We must continue to protect the rights of workers. WorkChoices was an aberration in the history of IR development in this country. Unfortunately, many employer groups are using it as their new benchmark. We saw this in the Fair Work Act Review. Employer groups ignored the terms of reference completely and instead made submissions about their IR wishlist, which is about cutting workers’ rights and conditions.
On the employers’ list are:
– The ability to make individual flexibility clauses a condition of employment – effectively a return to take it or leave it AWAs
– End to penalty rates and other important conditions like redundancy pay
-The abolition of the equal pay requirements
-Further limitations to unfair dismissal protections
-Undermining workers’ representational rights, their rights of association, their rights not to be discriminated against for being a union member; and
-The reinstatement of all the repressive aspects of the ABCC.
It is unsurprising that the employers’ first application before Fair Work Australia to vary modern awards is to get rid of penalty rates. What this does is remind us – that what unions do is important. What we do matters. Without your work every day to protect and extend workers’ rights, the wishlist I’ve just read out would be a reality for workers across Australia.
This week employer groups are standing in front of the Minimum Wage setting panel of Fair Work Australia. AiG is saying Australia’s lowest paid workers should only get a $14 increase; ACCI says $9.40 and the Australian Retailers Association says workers should not get a wage increase at all. Each one of these employer claims would mean a real wage cut for over 1.4 million award dependent workers.
It is an outrage. But it is also why what unions do is so important. We can make a difference to the lives of millions of workers.
It is a heavy responsibility. And that is why the Australian union movement has zero tolerance for corruption or the misuse of members’ funds or for maladministration of union affairs. Everyone here is alarmed at the allegations that members’ money has been misused. It is not acceptable. And will not be tolerated. And that is why the ACTU Executive has taken a strong stand.
But equally, we will not allow it to distract us from the important work we do. We will be more determined to deliver for working people.
I do not want you to forget about the difference your work makes for workers throughout Australia. Right now as we meet, organisers are making sure workers are getting fair redundancy and retraining packages at Holden and access to their entitlements at CMI. Right now union officials in Victoria are negotiating an enterprise agreement for mental health workers. Right now many hundreds of workers in the Queensland coal fields are part of one of Australia’s longest disputes as BHP continues to deny workers their rights to representation. Right now organisers are giving a voice to the precarious work of the cleaning industry in retail stores, so that the workers at Spotless have a collective agreement.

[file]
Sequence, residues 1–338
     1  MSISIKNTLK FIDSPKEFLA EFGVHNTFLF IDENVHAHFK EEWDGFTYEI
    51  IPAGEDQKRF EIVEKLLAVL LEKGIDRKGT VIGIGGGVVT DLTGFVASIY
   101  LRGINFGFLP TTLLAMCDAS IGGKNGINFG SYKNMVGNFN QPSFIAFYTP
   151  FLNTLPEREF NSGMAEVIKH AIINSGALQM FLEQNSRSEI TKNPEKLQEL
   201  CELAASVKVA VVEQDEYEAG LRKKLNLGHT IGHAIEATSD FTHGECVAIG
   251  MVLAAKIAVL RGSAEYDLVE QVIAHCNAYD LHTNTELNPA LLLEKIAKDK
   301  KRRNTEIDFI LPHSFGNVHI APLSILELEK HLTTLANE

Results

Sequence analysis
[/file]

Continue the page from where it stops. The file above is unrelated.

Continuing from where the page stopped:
And every affiliate would have examples.
What you do, is a hard job, it is an important job. I have been a union official for 35 years. I have never wanted to do anything else. I have been grateful for the Missos members – the cleaners, the security guards, paint industry workers, childcare and home care. I have never forgotten the day when I was holding meetings with a group of cleaners, a small Greek woman came up to me afterwards. She told me she didn’t speak much English and that I and the union were important to her because we were her voice; without the union she told me, she would have no voice.
There is no greater responsibility, and there is no greater honour, than to represent working people.
In the last five years union density has stabilised. Today one in every five workers are members of a union. Thirteen years ago I was part of the Unions at Work delegation where the union change program began. Stopping the decline of the 1990s has been an achievement for Australian unions. But it is not enough. We must continue to focus on organising and growth. We must grow, so that our members have the power they need to make their lives better. So that we continue to deliver for all working people in Australia. So we can turn back the rising inequality in Australia.
In the last 30 years the richest 1% of Australians share of national income has almost doubled. Now 9% of national income belongs to just 1% of Australians. It is shameful that Australia, a country that prides itself on the fair go, as being egalitarian, is more unequal than most OECD countries.
Australians want a more equal society. As union officials, I don’t think we should ever forget that our responsibility is first to the most vulnerable in our society. This is why I have always fought hard for decent minimum wage increases. Why I have fought for a strong safety net.
In the mid-90s the minimum wage was 54% of average fulltime earnings. One decade on, it is less than half – only 44% – of the average fulltime earnings. We must continue to do better by those who are unable to stand up by themselves.
There is a real danger of an Abbott Government. We need to come out of this Congress more unified than ever. We must build on what has been achieved. We must not take a backward step.
We have a tradition in Australia to debate our differences at Congress and then speak as one. Australia is one of the few countries in the world that has one peak union council to which all unions are affiliated. The ACTU is not just an office and governing bodies but a manifestation of the collective aspirations of working people. United we can defeat the attacks against workers and make Australia a fairer society.